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Will Adobe Own The API?

Adobe has finally released an alpha version of its highly-anticipated Apollo runtime. Much has been written on the potential of this cross-platform runtime, which allows developers to use HTML, JavaScript, and ActionScript to write applications which blend desktop functionality with web connectivity, but it simply boils down to this: Apollo represents Adobe’s effort to own the API – and if successful will represent a severe curtailing of Microsoft’s power. Kevin Lynch (Adobe’s Senior VP) might try to downplay what they’re trying to achieve, but it’s clear Adobe wants developers to stop and think: “Why write desktop applications using a Windows-only (and in some cases Vista-only) API, in an inter-connected, multi-OS world?”

Adobe’s hopes for Apollo are eerily like that of Sun’s for Java, but Sun was never hot on user experience, desktop, and the web. Adobe is. Adobe’s merger with Macromedia has given it a deep knowledge of the web, and no other company has come close to the deployment success that is the Flash player. The release of ActionScript 3.0, a rewritten Flash Virtual Machine, and the intense courting of Java developers (with notable successes, including “Thinking In Java” author Bruce Eckel) represents a clear strategy by Adobe to line everything up for the last big Apollo push.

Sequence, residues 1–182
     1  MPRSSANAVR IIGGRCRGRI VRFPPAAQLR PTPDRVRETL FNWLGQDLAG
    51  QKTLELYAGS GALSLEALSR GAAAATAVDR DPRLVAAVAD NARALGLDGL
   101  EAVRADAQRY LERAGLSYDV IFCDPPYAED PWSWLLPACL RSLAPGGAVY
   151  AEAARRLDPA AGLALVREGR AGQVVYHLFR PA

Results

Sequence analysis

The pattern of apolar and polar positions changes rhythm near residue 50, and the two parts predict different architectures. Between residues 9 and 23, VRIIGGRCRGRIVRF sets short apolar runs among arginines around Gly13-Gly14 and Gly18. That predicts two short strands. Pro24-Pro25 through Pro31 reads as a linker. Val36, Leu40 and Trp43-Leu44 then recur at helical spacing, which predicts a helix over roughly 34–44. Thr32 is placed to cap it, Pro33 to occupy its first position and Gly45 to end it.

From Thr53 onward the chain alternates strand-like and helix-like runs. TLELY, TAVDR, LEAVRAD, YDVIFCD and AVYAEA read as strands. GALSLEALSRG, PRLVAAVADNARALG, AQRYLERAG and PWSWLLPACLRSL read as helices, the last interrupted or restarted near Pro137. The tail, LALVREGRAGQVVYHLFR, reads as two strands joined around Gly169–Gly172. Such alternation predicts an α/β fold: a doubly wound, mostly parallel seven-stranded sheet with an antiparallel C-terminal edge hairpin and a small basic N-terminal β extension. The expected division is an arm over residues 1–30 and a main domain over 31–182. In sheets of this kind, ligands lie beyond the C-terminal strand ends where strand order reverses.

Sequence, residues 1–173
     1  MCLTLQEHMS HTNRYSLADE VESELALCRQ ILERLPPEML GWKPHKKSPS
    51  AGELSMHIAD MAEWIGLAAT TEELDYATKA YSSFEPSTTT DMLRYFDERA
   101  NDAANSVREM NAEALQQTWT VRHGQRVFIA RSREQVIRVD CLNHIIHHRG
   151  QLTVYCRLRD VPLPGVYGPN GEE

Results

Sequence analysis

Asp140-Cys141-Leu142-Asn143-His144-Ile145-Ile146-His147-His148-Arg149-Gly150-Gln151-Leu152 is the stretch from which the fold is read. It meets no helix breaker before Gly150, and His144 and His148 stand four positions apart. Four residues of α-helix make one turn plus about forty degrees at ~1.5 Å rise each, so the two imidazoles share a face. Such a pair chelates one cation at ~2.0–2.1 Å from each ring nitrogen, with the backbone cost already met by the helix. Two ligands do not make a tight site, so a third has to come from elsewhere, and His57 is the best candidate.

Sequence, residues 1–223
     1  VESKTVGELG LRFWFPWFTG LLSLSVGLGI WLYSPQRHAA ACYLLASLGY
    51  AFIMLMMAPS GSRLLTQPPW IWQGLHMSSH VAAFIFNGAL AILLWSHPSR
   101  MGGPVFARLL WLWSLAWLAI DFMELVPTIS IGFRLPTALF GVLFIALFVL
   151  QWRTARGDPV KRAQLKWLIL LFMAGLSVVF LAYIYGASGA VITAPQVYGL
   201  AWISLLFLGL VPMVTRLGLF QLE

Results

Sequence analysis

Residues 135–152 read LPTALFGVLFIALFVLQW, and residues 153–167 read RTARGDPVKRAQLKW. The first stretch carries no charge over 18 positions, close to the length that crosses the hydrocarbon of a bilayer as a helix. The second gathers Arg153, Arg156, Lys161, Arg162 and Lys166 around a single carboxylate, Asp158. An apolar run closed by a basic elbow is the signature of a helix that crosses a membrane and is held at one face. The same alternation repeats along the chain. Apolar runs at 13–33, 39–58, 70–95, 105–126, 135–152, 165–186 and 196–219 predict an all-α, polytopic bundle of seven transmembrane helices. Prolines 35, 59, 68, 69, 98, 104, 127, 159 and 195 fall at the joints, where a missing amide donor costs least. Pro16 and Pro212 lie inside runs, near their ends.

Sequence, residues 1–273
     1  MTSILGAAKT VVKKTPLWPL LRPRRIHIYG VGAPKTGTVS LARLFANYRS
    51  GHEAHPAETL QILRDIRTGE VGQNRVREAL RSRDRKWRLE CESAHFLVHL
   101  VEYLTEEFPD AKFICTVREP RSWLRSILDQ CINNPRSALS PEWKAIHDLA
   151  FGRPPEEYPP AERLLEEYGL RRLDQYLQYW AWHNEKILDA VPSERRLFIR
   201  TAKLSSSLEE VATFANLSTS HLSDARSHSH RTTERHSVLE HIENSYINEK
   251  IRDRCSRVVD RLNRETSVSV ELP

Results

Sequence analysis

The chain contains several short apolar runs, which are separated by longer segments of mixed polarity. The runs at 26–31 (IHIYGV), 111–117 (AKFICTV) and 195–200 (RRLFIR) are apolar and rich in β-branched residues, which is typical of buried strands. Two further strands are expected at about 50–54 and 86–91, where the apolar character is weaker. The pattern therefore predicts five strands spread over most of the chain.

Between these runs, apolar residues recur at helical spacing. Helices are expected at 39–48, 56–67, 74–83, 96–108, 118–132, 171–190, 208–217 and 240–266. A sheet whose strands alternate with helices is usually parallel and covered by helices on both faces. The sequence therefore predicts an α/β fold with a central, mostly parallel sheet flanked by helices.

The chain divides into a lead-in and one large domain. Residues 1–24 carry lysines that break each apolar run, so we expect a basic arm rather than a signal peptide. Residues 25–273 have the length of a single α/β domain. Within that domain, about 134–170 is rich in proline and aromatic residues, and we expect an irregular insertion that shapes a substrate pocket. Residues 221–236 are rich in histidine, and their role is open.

Adobe’s choice of name for this project is an acknowledgement of the challenge they’ve set for themselves, but with Microsoft seemingly faltering with Vista, battling Google, and under attack from many other corners, it’s probably not a bad time for Adobe to launch Apollo.

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